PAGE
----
respiratory and digestive system diseases. the IPCC’s “very-high-confidence” conclusion is woefully wrong. First. the three researchers found that “the death rate is about 15% higher on a winter’s day than on a summer’s day. Various analyses of the monthly-averaged data revealed a number of interesting results. in a finding that helps to explain the first finding.co2science. Warming is highly beneficial to human health. the three researchers discovered that when monthly-averaged human death rates were plotted against monthly-averages of daily mean. Grech et al. for all three of the disease types studied.P a g e | 59 therefore. (2010). as shown in the figure below. even without any overt adaptation to it. And second. while they obtained contemporary mortality data from the country’s National Institute for Statistics for deaths associated with cardiovascular. (2002). And when adaptations are made. Verlato et al. maximum and minimum air temperature. the results nearly always took the form of a U-shaped concave parabola. (2010) obtained (from the country’s National Meteorological Institute) meteorological data from weather stations situated in eight of the provincial capitals that covered the period 1980-1998. (2002) and Eccles (2002). (2002).” which they describe as “a result often found in previous studies. Adapted from Fernandez-Raga et al. (2000). Monthly deaths in the Castile-Leon region of Spain attributable to cardiovascular disease vs. warming is incredibly beneficial in terms of lengthening human life span. Working in the Castile-Leon region of Spain -. www. mean daily air temperature.” citing the work of Fleming et al.org .a plateau in the northwestern part of the country that includes nine provinces with a low population density that can be considered as ageing -Fernandez-Raga et al. Law et al.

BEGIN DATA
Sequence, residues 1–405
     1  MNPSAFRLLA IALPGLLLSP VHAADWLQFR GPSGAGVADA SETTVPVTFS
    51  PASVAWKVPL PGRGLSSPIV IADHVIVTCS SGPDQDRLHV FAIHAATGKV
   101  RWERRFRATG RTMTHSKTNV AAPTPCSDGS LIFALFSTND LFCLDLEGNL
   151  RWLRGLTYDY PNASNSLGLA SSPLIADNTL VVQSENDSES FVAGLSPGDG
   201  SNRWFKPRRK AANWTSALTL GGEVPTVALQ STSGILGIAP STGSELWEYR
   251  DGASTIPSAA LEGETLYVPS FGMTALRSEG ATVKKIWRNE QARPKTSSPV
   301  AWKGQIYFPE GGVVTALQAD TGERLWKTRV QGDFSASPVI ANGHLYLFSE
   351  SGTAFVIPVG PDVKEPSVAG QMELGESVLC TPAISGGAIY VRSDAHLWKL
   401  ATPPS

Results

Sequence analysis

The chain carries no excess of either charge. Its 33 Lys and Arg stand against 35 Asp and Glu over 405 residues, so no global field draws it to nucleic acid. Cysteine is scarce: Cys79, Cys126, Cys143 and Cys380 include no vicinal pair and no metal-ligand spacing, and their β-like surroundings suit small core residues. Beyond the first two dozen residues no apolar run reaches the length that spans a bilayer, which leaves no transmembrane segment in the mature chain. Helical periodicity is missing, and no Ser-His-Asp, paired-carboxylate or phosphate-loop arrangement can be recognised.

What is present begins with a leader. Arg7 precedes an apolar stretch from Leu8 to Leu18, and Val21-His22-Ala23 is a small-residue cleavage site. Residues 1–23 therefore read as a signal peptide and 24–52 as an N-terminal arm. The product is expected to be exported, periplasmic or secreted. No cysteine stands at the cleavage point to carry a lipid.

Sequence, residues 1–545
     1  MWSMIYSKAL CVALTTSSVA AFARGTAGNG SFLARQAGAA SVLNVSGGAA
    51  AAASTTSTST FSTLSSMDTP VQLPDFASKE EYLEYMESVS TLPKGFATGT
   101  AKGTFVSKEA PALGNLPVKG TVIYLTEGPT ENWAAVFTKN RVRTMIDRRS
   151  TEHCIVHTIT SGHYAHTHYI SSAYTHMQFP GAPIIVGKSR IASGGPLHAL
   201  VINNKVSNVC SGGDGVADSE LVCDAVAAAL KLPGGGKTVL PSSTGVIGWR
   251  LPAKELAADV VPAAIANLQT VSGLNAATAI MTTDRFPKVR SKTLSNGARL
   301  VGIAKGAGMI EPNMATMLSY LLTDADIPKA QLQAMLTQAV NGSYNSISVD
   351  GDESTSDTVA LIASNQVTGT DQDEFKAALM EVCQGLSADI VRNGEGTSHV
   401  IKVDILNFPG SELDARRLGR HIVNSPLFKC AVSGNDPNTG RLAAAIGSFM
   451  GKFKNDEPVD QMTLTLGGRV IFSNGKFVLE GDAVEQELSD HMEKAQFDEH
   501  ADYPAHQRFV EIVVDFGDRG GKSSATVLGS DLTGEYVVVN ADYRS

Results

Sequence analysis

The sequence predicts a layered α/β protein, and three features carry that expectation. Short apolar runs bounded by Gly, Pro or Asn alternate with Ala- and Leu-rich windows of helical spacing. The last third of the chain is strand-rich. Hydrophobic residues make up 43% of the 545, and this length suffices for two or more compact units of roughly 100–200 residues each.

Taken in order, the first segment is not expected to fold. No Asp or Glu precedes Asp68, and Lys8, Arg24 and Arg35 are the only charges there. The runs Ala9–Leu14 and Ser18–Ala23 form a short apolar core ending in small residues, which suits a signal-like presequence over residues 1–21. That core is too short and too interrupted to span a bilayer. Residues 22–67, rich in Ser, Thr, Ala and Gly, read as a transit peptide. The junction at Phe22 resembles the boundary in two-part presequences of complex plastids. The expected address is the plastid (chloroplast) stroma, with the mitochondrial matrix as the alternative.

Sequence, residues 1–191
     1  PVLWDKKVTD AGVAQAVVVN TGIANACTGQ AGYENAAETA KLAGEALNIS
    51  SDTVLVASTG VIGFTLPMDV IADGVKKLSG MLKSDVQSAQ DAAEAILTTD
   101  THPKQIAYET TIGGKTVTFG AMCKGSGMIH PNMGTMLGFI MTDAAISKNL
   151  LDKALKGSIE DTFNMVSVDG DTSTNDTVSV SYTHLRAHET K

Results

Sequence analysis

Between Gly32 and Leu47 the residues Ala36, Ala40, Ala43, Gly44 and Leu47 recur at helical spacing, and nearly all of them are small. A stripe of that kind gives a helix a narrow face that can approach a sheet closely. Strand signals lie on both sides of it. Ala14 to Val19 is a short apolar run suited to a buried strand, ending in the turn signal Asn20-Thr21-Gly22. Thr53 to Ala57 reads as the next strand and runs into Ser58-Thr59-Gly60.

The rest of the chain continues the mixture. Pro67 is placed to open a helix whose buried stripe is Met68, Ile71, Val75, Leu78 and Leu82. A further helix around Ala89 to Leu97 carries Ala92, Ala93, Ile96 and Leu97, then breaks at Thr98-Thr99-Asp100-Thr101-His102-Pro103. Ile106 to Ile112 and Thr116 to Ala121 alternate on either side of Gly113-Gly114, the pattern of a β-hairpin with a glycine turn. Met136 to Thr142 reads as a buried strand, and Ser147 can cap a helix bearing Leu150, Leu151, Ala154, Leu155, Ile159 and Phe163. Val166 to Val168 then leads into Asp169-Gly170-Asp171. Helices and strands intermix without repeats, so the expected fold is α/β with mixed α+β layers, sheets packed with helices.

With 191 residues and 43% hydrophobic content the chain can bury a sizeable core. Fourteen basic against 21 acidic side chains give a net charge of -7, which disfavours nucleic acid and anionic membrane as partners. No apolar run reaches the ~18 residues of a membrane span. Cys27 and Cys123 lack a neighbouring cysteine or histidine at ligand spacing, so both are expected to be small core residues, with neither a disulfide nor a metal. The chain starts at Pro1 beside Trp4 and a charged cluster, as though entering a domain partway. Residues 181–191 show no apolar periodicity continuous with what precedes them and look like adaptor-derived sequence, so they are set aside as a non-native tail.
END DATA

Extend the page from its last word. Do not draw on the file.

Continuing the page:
Slovenia. controlling for potential confounders. Greece. because in the case of heat-related deaths there is such a displacement. London.5 million inhabitants) over the 30-year period 1958-97 to determine www. Hungary. and Zurich. Ireland. respectively.30% and 1. the ideal or comfort temperatures were always very close to (and sometimes nearly identical to) the maximum values reached by the mean.P a g e | 60 For all three disease types. respiratory. In Germany. Switzerland). Valencia.” In addition. Helsinki. Ireland. the effects of meteorologic factors on health have attracted renewed interest because of the observed and predicted climate change. with no evidence of mortality displacement. Sweden. In a more broad-based study.” and that the cold effect “persisted up to 23 days. they report that “the increase was greater for the older age groups. United Kingdom.were all within about 1-7°C of the maximum values typically reached by those three types of temperature. in their words. Rome. which is expected to result in a general rise in temperature. Budapest. Ljubljana. Italy. for example.72%. (2008) wrote that “in recent years. More specifically. Paris. ” And this development. Italy. Finland. Laschewski and Jendritzky (2002) analyzed daily mortality rates in Baden-Wurttemberg (10. Slovenia. 3. To rectify this situation.35% increase in the daily number of total natural deaths and a 1. and its impact is huge.hailing from Finland. Turin. The data of this figure clearly demonstrate that the people of the Castile-Leon region of Spain are much more likely to die from a cardiovascular disease in the extreme cold of winter than in the extreme heat of summer. maximum and minimum temperatures experienced in the region. Stockholm. And the same was found to hold true with respect to dying from respiratory and digestive system diseases. they assessed the effects of minimum apparent temperature on cause. Prague. Greece. Analitis et al. and in conjunction with almost any type of illness. Milan.org . cold has been found to be a much greater killer of people than heat almost everywhere in the world.and age-specific daily mortality over the cold half of the year (October-March). and cerebrovascular deaths. Italy. the fourteen researchers analyzed short-term effects of cold weather on mortality in 15 European cities (Athens. maximum and minimum) at which minimum death rates occurred -. Spain. Dublin. has led to a “recent focus on heat-wave episodes. Italy. Spain. using data from 1990-2000 that they analyzed via “Poisson regression and distributed lag models. while they were much more removed from the minimum values of those three temperature parameters. while they were anywhere from 14-24°C away from their minimum values.co2science. they found that all three temperatures (daily mean. Barcelona. Spain and Sweden -.which they refer to as ideal or comfort temperatures -. ” The international team of scientists -. Czech Republic. France.” which latter finding is extremely important. Consequently. as illustrated in the figure above. Indeed.25% increase in cardiovascular.found that “a 1°C decrease in temperature was associated with a 1.” which may have fostered the perception that cold-related mortality is not as important a public health concern as is heat-related mortality.